Are you ready for a baby?
There’s nothing cuter than a newborn foal. But getting one on the ground requires a lot of preparation and forethought. Stallion selection and mare care are just two of the elements you need to factor in.
Dr. Thomas R. Lenz, a regular columnist for The American Quarter Horse Journal, offers eight tips to get you started in breeding for a great foal.
- Mares should be bred after the age of 3 and can be bred well into their 20s. A mare’s reproductive efficiency decreases significantly after age 12, especially mares who have never been bred.
- Because it takes them longer to recover, older mares often have a harder time breeding back after foaling.
AQHA’s FREE Guide to Foaling report gives you all the information you need to know to welcome your new foal into the world. Download it now and share it with all your expecting friends!
- A mare’s body condition directly affects her breeding ability. Broodmares need a body condition score of 5 (on a scale of 1 to 9, 1 being extremely thin, 9 being extremely fat). You should be able to feel her ribs, but not see them.
- Make sure she has been dewormed and that her shots are up to date. Your veterinarian can develop a vaccination schedule that fits your specific needs.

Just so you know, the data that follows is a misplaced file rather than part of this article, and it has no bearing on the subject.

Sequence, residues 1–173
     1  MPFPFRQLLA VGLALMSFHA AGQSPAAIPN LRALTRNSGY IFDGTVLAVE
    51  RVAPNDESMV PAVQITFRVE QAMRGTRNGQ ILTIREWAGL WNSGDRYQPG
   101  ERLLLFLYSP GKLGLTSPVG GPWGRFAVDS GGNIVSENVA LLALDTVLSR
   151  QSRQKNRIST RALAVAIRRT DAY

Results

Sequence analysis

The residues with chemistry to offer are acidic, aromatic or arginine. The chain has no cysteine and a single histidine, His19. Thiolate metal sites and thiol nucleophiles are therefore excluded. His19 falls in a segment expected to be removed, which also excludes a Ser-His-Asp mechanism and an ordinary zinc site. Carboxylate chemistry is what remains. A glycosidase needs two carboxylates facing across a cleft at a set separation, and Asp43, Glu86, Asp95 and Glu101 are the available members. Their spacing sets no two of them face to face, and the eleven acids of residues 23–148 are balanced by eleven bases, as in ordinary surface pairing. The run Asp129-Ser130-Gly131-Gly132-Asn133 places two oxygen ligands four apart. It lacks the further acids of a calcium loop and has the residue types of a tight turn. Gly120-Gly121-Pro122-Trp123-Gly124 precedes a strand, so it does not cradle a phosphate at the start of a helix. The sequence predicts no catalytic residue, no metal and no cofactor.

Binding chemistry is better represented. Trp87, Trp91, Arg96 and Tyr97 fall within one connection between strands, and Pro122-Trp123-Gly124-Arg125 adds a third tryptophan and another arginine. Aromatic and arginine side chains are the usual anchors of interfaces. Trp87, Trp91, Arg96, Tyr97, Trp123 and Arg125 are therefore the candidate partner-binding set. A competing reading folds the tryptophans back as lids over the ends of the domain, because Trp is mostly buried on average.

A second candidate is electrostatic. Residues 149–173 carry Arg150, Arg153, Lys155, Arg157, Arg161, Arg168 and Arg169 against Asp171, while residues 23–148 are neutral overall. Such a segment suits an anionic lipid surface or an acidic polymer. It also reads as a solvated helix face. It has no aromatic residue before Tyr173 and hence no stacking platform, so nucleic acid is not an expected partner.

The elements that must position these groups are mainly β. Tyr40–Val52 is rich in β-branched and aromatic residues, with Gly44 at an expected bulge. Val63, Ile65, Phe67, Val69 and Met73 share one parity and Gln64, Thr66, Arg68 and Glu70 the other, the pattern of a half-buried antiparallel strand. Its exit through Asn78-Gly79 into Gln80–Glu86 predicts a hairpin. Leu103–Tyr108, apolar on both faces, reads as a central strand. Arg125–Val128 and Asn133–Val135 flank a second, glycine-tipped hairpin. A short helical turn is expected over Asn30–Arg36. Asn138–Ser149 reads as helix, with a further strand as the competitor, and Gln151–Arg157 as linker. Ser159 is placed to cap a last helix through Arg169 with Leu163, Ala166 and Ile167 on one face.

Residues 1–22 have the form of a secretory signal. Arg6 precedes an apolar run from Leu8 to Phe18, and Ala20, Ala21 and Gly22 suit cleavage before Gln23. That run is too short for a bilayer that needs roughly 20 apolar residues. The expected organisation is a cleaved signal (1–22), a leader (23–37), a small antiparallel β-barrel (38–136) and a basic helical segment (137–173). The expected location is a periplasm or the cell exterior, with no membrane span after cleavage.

- Have your vet do a pre-breeding exam to make sure your mare’s reproductive tract is healthy. This exam is more extensive for an older or maiden mare, and may include a test to make sure her hormone levels are normal, as well as a uterine culture to make sure she doesn’t have a bacterial infection.
- Are you breeding a foal to ride recreationally? To sell? To show? Your goal has a lot to do with the stallion you select.
Learn more about keeping foals healthy with AQHA’s FREE Guide to Foaling report.
- Find a stallion with solid conformation – solid feet the right size for his body; straight, thick cannon bones; and good overall conformation. His conformation should complement your mare’s. Talk to breeders in your area and other mare owners for advice in selecting a stallion.
- Disposition is important, too. The mare has a lot to do with a foal’s disposition because she raises the baby. But that doesn’t mean that if you have a quiet, easy-going mare and you breed her to a hot-blooded stallion that you’re not going to end up with a hot-blooded foal. Spend time with the stallion to get an idea of his disposition.